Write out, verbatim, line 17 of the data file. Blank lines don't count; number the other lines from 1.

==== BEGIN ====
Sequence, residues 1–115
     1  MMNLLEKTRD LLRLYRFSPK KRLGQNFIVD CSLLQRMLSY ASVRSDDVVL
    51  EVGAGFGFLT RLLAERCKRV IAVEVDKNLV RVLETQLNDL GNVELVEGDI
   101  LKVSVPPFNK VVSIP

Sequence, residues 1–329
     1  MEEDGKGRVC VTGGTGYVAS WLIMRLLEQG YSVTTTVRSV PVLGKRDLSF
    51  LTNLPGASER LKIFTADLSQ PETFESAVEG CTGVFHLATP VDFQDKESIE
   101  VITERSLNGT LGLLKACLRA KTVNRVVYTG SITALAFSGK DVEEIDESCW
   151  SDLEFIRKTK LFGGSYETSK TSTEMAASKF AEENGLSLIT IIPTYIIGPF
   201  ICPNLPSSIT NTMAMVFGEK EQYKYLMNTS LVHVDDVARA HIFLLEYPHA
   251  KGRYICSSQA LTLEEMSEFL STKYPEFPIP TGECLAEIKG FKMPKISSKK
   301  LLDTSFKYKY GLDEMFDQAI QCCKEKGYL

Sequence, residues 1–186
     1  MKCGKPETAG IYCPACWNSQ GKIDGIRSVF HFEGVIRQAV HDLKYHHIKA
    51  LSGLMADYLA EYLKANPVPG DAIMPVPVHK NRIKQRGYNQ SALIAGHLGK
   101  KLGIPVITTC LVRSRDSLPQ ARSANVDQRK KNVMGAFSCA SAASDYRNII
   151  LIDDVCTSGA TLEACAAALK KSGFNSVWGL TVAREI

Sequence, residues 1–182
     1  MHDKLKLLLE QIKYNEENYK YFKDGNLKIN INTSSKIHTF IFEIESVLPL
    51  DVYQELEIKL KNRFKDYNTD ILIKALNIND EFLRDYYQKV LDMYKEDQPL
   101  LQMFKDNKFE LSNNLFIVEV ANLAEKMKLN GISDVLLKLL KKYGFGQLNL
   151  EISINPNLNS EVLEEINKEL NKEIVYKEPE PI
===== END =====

   151  LIDDVCTSGA TLEACAAALK KSGFNSVWGL TVAREI